After a break following the first trials of our 3D scanning project, work continued last week when Martin Devereux, Head of Digital, and Stuart, Philatelic, took three objects to UCL to be scanned by Mona Hess, our 3D specialist.
These were no ordinary objects, however. Stuart, our philatelic archivist and I took a flintlock pistol used to guard mail coaches, a handstamp used to cancel mail carried by the first airmail trial in 1911, and an iconic plaster cast of Her Majesty the Queen, sculpted by Arnold Machin. The Machin cast is recognised around the world as it has appeared on UK stamps since 1967.
Each of these items poses a serious challenge to current 3D digitisation techniques. Glossy surfaces and deep features mean that lasers do not work as effectively as with less shiny and less detailed subjects.
Mona spent over 3 hours scanning the plaster cast with the Arius 3D colour scanner, while Stuart and I, along with MSc student, Sarah Sifontes Duran, captured the geometry of the handstamp and flintlock pistol, using an infra-red scanner – a technique that Mona is pioneering. The aim of this work is to produce a set of techniques which can be combined quickly and at low-cost to produce accurate and detailed representations of objects in three dimensions.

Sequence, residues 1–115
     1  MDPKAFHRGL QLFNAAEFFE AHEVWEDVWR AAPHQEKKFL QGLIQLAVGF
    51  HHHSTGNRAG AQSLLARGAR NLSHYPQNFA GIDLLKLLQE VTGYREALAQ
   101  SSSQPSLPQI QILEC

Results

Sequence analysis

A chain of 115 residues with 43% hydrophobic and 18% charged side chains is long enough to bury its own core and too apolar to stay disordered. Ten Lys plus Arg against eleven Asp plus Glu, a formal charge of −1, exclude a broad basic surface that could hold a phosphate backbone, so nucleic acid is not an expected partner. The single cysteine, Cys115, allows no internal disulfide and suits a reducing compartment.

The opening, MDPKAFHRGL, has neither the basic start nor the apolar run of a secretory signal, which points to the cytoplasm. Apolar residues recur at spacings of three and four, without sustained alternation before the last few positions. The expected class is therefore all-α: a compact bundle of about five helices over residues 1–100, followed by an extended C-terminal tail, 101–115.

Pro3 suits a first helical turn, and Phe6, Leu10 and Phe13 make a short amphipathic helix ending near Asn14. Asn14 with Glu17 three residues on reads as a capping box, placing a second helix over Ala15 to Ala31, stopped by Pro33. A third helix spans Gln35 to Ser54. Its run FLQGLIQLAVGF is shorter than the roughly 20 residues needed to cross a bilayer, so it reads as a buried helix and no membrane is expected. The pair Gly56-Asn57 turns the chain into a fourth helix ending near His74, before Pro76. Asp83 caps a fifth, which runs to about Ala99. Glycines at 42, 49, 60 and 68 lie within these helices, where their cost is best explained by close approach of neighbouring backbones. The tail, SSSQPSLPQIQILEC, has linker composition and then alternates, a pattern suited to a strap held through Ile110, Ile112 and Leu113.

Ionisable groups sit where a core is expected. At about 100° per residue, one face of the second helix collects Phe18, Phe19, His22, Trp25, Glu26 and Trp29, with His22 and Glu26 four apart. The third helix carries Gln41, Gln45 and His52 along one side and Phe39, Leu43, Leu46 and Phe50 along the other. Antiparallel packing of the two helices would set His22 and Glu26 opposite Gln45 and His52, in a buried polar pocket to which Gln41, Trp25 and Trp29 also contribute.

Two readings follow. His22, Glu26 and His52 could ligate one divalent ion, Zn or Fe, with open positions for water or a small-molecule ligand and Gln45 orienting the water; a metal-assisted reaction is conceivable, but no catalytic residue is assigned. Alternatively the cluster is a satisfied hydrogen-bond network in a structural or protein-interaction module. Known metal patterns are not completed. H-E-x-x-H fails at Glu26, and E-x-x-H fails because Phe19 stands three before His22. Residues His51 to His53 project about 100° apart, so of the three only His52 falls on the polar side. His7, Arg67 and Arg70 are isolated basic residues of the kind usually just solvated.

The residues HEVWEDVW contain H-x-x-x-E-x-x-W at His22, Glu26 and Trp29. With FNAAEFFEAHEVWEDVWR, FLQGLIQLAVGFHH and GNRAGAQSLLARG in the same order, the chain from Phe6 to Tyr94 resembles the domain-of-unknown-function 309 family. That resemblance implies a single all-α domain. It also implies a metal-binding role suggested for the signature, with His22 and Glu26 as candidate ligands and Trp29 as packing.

Digitising the plaster cast of Her Majesty was the climax of the day and a highpoint for Mona. She has scanned many memorable objects over the years and the Machin cast is certainly a significant addition to her list.
Once the cast had been scanned, the remainder of the day saw the scanning of the flintlock pistol and handstamp using the Arius colour scanner.
Mona is working to refine the results of the trials and further work will be undertaken over the summer as the project moves forward.
-Martin Devereux, Head of Digital